Tapjoy and Rubicon Project: Paying Attention to the Man Behind the Curtain

By Steve Wadsworth, CEO, Tapjoy

Michael Barrett is a man on a mission. At a lecture during the IAB Programmatic Symposium titled “Doing It With The Lights On: The Future Of A Well-lit Marketplace, Barrett espoused his determination to bring greater transparency and brand protection to media buying. And as the president and CEO of Rubicon Project, one of the largest exchanges for digital advertising, he’s in the perfect position to do so.

The stakes in this case couldn’t be higher. The programmatic advertising industry has come under fire lately from advertisers fed up with the overall lack of transparency around pricing and fees, measurement, viewability, inventory and brand safety. If ad tech companies and ad exchanges don’t do something to resolve these issues, they face a steep backlash.

It started last summer, when the Association of National Advertisers (ANA) released a 58-page report claiming that rebates and other non-transparent practices were “pervasive” throughout the US media buying ecosystem. “Advertisers and their agencies are lacking ‘full disclosure’ as the cornerstone principle of their media management practices,” Bob Liodice, president and CEO of the ANA, said at the time. “Such disclosure is absolutely essential if they are to build trust as the foundation of their relationships with their long-term business partners.”

Fast forward to 2017, and things don’t seem to have gotten much better. Procter & Gamble kicked off the year with a declaration that it would conduct a full review of all its agency contracts in an effort to ensure greater transparency in what chief marketer Marc Pritchard described as a media supply chain that was “murky at best, fraudulent at worst.”

Although P&G is one of the largest and most notable brands to throw its weight behind the transparency issue, it is far from alone. A January study from the World Federation of Advertisers found that 90% of its members are also reviewing their programmatic advertising contracts and demanding greater control and more transparency from their vendors.

Developments like these have led Rubicon Project’s Barrett to describe the state of the programmatic industry as being in an “existential crisis.” And here at Tapjoy, we couldn’t agree more with Barrett’s mission of transparency. That was one of the main reasons why we selected Rubicon Project as our exclusive partner when we launched the Tapjoy Private Exchange last year. Like Rubicon Project, we believe that advertisers should have 100 percent transparency and insight into how their ad dollars are being spent.

It is also why we partnered with the analytics and measurement firm Moat last year. The partnership provides Moat’s independent viewability and attention measurement for video ads on Tapjoy’s in-app inventory, giving brand advertisers confidence in their viewability and engagement rates on ads across our entire network.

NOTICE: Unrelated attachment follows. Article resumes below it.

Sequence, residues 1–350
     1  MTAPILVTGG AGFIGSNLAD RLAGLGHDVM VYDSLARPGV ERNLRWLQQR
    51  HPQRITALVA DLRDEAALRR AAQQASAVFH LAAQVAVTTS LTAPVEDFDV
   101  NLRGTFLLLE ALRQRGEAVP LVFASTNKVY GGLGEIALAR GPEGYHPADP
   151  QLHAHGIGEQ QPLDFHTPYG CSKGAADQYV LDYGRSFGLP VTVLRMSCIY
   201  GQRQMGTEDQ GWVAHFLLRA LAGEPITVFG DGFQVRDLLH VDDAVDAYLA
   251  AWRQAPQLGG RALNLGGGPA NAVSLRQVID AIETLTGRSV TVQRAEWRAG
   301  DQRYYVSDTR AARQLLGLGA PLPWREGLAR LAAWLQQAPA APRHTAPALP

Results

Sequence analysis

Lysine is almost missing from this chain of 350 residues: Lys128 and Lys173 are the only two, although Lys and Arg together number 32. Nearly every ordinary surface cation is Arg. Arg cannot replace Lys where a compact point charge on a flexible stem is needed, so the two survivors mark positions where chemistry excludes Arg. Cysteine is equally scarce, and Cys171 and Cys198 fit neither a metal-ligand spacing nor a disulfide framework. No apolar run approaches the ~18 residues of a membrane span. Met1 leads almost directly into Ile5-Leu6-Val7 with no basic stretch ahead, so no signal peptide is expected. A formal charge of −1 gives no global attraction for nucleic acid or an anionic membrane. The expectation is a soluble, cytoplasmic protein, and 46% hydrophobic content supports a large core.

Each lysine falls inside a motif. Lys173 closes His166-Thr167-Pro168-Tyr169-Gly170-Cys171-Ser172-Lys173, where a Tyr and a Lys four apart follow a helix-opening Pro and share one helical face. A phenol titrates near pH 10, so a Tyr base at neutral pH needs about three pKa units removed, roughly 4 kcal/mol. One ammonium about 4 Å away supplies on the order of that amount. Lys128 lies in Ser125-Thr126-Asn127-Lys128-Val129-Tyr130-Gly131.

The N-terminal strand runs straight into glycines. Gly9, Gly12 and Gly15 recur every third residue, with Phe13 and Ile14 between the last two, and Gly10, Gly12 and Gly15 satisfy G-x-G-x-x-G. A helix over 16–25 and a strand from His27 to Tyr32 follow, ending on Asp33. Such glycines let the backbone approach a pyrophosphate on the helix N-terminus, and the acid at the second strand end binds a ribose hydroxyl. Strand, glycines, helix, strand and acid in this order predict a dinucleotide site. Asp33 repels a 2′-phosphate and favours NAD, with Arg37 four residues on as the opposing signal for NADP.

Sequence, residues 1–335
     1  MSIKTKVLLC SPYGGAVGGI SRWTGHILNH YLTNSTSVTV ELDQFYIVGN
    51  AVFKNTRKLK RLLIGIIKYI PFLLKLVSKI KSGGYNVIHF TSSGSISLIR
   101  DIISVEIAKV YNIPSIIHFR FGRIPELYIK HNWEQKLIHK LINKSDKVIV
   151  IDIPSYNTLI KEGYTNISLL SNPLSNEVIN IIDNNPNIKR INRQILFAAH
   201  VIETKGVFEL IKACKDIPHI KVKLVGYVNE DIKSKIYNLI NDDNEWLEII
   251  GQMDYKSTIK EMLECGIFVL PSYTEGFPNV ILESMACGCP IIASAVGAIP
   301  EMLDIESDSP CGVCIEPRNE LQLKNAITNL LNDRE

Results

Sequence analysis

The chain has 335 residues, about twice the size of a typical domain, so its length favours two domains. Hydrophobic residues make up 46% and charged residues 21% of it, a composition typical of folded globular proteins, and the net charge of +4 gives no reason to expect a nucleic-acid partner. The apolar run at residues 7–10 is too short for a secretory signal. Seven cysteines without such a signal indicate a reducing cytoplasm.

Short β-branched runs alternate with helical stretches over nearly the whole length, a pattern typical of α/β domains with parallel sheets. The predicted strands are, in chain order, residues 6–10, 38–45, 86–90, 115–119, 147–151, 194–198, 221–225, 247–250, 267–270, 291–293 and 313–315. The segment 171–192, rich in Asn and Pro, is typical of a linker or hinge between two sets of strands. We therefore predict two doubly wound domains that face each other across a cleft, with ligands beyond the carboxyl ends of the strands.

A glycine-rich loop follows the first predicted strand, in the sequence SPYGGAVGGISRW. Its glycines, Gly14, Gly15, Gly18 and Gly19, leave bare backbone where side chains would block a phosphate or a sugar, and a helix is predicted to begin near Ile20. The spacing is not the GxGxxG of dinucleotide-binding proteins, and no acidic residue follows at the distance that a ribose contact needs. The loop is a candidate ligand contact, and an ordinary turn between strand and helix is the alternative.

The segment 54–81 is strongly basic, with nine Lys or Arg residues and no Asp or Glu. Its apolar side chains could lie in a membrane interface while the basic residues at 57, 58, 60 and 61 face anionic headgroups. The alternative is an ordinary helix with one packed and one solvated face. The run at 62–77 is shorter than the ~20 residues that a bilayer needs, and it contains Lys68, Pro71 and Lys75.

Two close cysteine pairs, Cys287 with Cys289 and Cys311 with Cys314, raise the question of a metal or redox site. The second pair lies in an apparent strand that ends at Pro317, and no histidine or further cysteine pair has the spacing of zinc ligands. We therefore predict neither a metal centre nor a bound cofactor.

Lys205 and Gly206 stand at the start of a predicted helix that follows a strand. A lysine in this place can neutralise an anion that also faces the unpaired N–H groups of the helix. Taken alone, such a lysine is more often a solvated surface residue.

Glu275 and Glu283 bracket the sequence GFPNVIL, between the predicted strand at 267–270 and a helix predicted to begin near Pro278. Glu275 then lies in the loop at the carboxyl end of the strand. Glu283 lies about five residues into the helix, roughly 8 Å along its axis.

In fact, our entire media model is designed to give advertisers the transparency they crave. With our performance-based pricing, advertisers only pay for what they get — there’s no wasted impressions or incomplete views. And because advertisers are only paying for full-screen video ads that are viewed all the way to completion, there’s no worry about getting charged for videos that barely meet the minimum requirements of 50% of pixels shown for a mere two seconds. It seems ridiculous that they should have to pay for such ads and thus the need to shine a light on the entire industry.

We don’t expect ad-tech companies to change overnight. But it has become clear that advertisers can speak through their actions by choosing where they allocate their media budgets. If ad-tech companies and ad exchanges can’t bring more transparency to the industry, not only will they lose revenue, but they risk putting the direction of the industry in the hands of regulators who will no doubt step in to dictate standards and practices.

Of course, regulation can be avoided if all of the major players in the industry simply choose to partner with and get verified by organizations such as the IAB, the Trustworthy Accountability Group (TAG), Moat and others to show what’s behind the curtain.

As Michael Barrett recently told me, “The future of the entire industry is at stake. If we as an industry cannot give advertisers greater transparency, then why should they continue to trust us? The simple truth is that we can and we must demystify the entire media supply chain to show where the inefficiencies are, who the dollars are going to, and what the campaign results look like at a very granular level. We applaud Tapjoy for taking the right steps in this direction, and we urge other companies to follow your lead.”

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